President Barack Obama says someone has to pay more taxes if the U.S. is to tame its budget deficit and provide the government he thinks the nation needs. He proposes that the best-off Americans pay more. It's only fair, he says.
"There are a lot of wealthy, successful Americans who agree with me because they want to give something back," he said in a speech in Roanoke, Va., that set off dueling campaign ads. "Look, if you've been successful, you didn't get there on your own."
His Republican opponent, Mitt Romney, counters that the deficit can be reduced without raising taxes if Washington is tough on spending. He thinks raising taxes on the best-off would be unwise and unfair. "President Obama attacks success, and therefore under President Obama we have less success," he said.
The contrasting comments underscore philosophical differences over the roles of the individual and society. But the most tangible disagreement is on taxing the rich.
"Who's right: Obama or Romney? Both. Or neither," says Joseph Thorndike, a tax historian. "When it comes to taxing the rich, there is no single, objectively correct answer. You can talk all you want about asking rich people to pay 'their fair' share,' but don't kid yourself. You're just trying to turn private opinions into public policy." "I'm struck" he adds, "how the facts can be used selectively by either side."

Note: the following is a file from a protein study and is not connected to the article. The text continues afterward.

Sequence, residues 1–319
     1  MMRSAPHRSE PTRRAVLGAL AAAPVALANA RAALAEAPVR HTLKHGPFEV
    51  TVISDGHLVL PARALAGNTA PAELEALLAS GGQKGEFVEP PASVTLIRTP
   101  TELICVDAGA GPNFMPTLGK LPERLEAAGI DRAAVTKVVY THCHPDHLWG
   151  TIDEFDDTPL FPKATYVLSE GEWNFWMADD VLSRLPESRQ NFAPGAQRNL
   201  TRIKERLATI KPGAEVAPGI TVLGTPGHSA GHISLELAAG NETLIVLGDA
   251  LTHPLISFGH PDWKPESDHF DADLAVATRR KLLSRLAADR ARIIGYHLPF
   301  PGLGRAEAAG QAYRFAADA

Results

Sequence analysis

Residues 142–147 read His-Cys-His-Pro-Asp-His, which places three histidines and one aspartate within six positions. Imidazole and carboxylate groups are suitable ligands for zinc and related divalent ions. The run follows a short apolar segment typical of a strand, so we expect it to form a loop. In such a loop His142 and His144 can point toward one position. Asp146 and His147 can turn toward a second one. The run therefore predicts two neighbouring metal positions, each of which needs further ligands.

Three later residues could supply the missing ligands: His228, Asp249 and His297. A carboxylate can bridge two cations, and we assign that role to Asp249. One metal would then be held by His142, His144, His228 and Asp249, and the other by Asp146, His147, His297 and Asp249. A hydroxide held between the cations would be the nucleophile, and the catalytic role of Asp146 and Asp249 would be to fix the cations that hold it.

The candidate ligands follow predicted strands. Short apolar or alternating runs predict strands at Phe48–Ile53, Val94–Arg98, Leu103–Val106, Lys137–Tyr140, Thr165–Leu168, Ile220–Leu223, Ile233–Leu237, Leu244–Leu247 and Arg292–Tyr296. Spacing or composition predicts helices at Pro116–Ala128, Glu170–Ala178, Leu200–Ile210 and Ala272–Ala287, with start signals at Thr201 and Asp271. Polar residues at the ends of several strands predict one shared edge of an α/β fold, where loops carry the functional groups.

Academic tomes have been written about revamping the tax code so it finances the government while doing less damage to economic growth. But, countless congressional hearings later, the U.S. is no closer to a consensus on "fair share" than when the income tax was born 100 years ago. ...
Over the past three decades, Americans—including most of the rich—have paid less of their incomes to Washington. Top earners have received more of the income and paid more of the taxes; a growing number at the bottom have paid less or, in some cases, nothing. Whether that is fair is a question of politics and values. Facts can inform the debate. Here are a few salient ones:
- The top 5%, top 1% and top 0.1% of Americans have been getting a bigger slice of all the income and paying a growing share of federal taxes.
- Average tax rates have come down for everyone. On average, the tax bite on the rich is bigger—except for those whose income mainly comes from capital gains and dividends.
- The share of taxes paid by the bottom 40% of the population has been shrinking along with their share of income.
- The tax system narrows the gap between economic winners and losers, but not enough to stop the gap from widening.
[W]here does that leave the question of "fairness?" "It's not resolvable scientifically," says Mr. Thorndike, the historian. "It's only resolvable by a show of hands."